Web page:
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Consultation, Not Confrontation? Experts Downplay 'Rift' Between Pak Govt, Army

Tushar Dhara | News18.com

First published: October 10, 2016, 10:11 PM IST | Updated: October 10, 2016
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Consultation, Not Confrontation? Experts Downplay 'Rift' Between Pak Govt, Army
Pakistani Prime Minister Nawaz Sharif with army chief Raheel Sharif. (FILE PHOTO: GETTY IMAGES)

New Delhi: When the prime minister of a country meets the chief of army to discuss a newspaper article, you know the stakes are high. Just how high is the question you would ask if you are a Pakistan watcher.

On Monday, Pakistan Prime Minister Nawaz Sharif met army chief Raheel Sharif over an article in the country’s most reputed newspaper, Dawn, that broke the news of an “unprecedented warning” delivered by the civilian government to the military in the aftermath of India’s surgical strikes. PM Sharif also reportedly ordered authorities to take "stern action" against those responsible for publishing a "fabricated" story about the military and ISI.

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Pakistani and Indian analysts that News18 spoke to are of the view that it is highly unlikely that such a confrontation occurred, yet the report seems to have been serious enough for the PM to order “stern action”.

Dawn’s original story pieces together details of an “undisclosed” meeting that took place between the civilian and military leadership on the side-lines of an all-party conference called last week. While the analysts feel that a meeting may indeed have happened, it was probably not as confrontational as the Dawn report has made it out to be, because of the nature of civilian-military relations in Pakistan.

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“Some conversation of this nature would have happened, but not a confrontation,” Ayesha Siddiqa, an Islamabad-based geo-strategist and political commentator, who has studied the Pakistani military, told News18 in a phone conversation from Dubai. “In the report, it seems as though Nawaz Sharif angrily told them (military) we are getting isolated, I don’t think that happened. The military is still completely in control,” she said.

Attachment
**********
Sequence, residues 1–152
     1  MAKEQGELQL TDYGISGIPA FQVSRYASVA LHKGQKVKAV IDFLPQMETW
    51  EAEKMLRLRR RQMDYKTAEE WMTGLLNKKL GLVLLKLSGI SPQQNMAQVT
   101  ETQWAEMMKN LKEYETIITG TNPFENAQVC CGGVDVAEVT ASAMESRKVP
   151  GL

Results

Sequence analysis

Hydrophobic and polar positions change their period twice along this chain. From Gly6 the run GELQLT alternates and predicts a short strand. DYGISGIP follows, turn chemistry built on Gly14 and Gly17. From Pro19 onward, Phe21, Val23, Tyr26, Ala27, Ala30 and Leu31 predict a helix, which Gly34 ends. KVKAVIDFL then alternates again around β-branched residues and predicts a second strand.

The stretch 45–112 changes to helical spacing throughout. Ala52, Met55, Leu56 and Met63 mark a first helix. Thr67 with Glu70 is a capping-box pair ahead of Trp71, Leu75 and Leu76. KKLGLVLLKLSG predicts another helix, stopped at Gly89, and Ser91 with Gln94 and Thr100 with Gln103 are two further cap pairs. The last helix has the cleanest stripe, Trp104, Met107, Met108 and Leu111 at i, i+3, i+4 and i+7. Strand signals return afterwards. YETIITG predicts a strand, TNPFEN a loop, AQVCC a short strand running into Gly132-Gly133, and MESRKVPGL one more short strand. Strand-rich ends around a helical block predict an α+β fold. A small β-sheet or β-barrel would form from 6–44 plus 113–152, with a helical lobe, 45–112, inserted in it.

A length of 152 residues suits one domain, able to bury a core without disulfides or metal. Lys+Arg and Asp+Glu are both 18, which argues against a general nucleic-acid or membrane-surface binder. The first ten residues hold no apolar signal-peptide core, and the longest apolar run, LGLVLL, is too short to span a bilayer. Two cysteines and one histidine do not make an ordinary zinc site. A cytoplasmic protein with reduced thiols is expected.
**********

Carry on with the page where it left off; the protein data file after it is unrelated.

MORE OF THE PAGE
Pakistani nuclear physicist and activist Parvez Hoodbhoy, in an email interview said there must be some truth to the Dawn report because such tensions between the two are definitely being felt. However, maybe the conversations were not exactly as reported, he said.

Dawn reported that the government delivered a blunt message to the military leadership about Pakistan’s growing international isolation and sought consensus on actions by the state in a meeting. Punjab Chief Minister Shahbaz Sharif had a verbal confrontation with the intelligence chief Gen Rizwan Akhtar during the same meeting, an exchange that the newspaper termed “ground shifting”.

Mohan Guruswamy, chairman of the New Delhi-based think tank Centre for Policy Alternatives, agreed with Siddiqa that the notion that Shahbaz Sharif, who is also Prime Minister Nawaz Sharif’s brother, could have had a bare knuckles confrontation with General Rizwan Akhtar, the head of the Inter-Services Intelligence, is incorrect.

“That’s a joke. I can only laugh about it. I don’t think Mr Shahbaz Sharif could so angrily confront the director-general of the ISI. He’s somebody who’s closer to the military of the two Sharifs. I don’t think he has it in him to confront,” Siddiqa said. Guruswamy said he had “doubts that Shahbaz Sharif could have had a confrontation”.

Siddiqa and Hoodbhoy said the report could be a leak by the establishment, though both differed on the purpose of the leak. Siddiqa believes that the leak was by the military and Hoodbhoy thinks the government may be responsible.

“I think it’s a leak by the military (because) everybody benefits by the story: the government comes out looking strong, the military comes out looking neutral and Dawn comes out looking very good for having done a critical exclusive,” Siddiqa said.

“This could have been a discreet and deniable leak intended to explain to Pakistanis that it is actually the army, not the government, which is responsible for this bad state of affairs,” Hoodbhoy said, adding that, “India's failure in Kashmir and human rights violations are not being translated into success for Pakistan. Nawaz Sharif's government is being blamed for this lack of success.”

Indian strategic analyst Mohan Guruswamy feels what actually happened between the government and the military was a “consultation” rather than a confrontation and the resulting leak was a “spin” by the political leadership. “I think this is a spin by the political leadership to get a good cop, bad cop scenario going to confuse us, so that we will keep talking to the civilian leadership,” Guruswamy, the Chairman of the Centre for Policy Alternatives said.

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